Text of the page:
Tag Archives: evil

Mass atrocities require idealism

I’m currently reading Jonathan Haidt’s book  The Happiness Hypothesis. It sounds like a “self-help” book, but really its an outline of modern scientific understanding of factors influencing happiness, relationships, motivations and so on. On the other hand the book does make it easy to apply some of the scientific findings to one’s own situation.

I liked his comment on the relationship between ideology and evil. I think it is far more applicable than the often quoted comment of Steven Weinberg (“With or without [religion] you’d have good people doing good things and evil people doing evil things. But for good people to do evil things, it takes religion.”) I have commented on this before (see Sources of evil?).

Haidt lays the blame of idealism, rather than just religion:

“but to really get a mass atrocity going you need idealism— the belief that your violence is a means to a moral end. The major atrocities of the twentieth century were carried out largely either by men who thought they were creating a Utopia or else by men who believed they were defending their homeland or tribe from attack. Idealism easily becomes dangerous because it brings with it, almost inevitably, the belief that the ends justify the means. If you are fighting for good or for God, what matters is the outcome, not the path. People have little respect for rules; we respect the moral principles that underlie most rules. But when a moral mission and legal rules are incompatible, we usually care more about the mission.”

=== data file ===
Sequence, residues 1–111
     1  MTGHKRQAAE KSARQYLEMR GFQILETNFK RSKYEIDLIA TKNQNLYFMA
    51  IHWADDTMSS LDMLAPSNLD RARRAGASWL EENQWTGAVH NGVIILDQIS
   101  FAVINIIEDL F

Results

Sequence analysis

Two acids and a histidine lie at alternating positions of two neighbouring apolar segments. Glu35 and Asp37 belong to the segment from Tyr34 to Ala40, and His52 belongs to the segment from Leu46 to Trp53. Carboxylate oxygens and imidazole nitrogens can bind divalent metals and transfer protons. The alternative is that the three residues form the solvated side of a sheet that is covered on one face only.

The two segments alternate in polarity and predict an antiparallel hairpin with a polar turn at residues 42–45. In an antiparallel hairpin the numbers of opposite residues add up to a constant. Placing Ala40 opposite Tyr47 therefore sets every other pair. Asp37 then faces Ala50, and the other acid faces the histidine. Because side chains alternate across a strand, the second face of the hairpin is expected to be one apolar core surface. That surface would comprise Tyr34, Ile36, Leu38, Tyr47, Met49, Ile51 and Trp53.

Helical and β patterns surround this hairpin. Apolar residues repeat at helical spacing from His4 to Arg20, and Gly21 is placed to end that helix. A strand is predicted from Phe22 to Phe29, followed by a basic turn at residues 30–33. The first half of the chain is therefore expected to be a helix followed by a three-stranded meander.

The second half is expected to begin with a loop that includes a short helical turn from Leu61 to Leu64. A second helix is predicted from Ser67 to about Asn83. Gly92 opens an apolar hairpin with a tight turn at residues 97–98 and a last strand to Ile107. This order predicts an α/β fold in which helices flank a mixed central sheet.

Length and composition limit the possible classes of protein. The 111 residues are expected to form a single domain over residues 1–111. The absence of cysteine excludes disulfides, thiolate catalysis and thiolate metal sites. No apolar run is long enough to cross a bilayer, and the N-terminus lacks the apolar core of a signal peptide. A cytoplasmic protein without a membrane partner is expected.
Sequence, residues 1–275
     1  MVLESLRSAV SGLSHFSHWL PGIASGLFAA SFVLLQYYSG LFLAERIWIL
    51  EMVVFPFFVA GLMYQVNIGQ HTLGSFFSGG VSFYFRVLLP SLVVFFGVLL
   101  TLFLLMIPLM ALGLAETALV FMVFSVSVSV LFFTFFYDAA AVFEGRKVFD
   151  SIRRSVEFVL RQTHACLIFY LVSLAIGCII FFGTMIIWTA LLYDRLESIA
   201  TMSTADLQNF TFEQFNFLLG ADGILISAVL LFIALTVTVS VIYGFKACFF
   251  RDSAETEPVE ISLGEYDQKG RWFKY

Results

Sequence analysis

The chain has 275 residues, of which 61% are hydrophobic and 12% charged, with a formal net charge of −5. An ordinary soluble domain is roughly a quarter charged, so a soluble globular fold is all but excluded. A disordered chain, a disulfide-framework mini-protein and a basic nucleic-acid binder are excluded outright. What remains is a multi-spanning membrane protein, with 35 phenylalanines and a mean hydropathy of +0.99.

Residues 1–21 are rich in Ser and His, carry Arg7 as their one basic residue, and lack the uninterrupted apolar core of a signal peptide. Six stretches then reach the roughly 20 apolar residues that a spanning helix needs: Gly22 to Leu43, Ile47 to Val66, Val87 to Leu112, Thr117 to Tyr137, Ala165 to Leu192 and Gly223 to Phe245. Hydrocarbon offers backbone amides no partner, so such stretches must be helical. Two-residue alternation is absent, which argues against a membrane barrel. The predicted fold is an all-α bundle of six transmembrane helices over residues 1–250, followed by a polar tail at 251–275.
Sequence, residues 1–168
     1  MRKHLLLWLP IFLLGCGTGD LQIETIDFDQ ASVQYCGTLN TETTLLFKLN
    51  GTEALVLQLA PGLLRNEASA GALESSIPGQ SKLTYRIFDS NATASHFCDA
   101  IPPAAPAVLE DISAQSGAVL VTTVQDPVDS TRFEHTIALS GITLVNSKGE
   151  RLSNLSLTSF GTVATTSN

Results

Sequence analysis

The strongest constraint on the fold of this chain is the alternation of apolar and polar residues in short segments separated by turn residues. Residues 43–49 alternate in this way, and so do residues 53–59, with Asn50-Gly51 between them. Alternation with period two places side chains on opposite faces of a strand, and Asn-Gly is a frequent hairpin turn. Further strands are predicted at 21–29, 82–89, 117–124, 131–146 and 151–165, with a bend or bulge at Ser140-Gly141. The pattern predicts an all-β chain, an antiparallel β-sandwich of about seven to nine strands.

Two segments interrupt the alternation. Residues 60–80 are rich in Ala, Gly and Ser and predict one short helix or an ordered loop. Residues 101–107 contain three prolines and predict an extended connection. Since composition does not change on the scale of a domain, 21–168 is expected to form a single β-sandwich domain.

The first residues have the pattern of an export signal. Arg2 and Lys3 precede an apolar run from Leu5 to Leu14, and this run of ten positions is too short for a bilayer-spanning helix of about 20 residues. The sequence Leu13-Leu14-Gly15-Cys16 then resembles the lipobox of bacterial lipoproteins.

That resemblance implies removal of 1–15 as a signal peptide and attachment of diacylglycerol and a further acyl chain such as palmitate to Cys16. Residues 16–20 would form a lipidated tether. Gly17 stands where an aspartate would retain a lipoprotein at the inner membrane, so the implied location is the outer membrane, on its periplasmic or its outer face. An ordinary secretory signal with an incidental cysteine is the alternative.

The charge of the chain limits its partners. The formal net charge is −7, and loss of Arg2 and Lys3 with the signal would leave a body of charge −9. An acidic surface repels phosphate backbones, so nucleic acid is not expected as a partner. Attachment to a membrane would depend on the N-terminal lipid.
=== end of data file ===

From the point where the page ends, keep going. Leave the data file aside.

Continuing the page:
I think this makes sense of the state sponsored atrocities the world has seen. It also makes sense of the atrocities and harm caused by idealism at the personal level.

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Dawkins responds to his critics

Chidlren labels googleIn his speech at the AAI Convention (see video below) Richard Dawkins illustrated his comments on the injustice of labeling children with the religion of their parents using data from google searches. I have replicated similar searches here. Dawkins point is that it is inhumane to label children with a religion (e.g., Christian child, Muslim child, etc.) because they are not in a position to really consider what the beliefs are. We can easily see this if we label children as non-religious (e.g., atheist child, agnostic child, etc.) or politically (liberal child, conservative child, Marxist child, etc.).

The google search results, however, suggest that whereas political and non-religious people recognise the inhumanity of labeling their children in this manner, religions seem to have no qualms.

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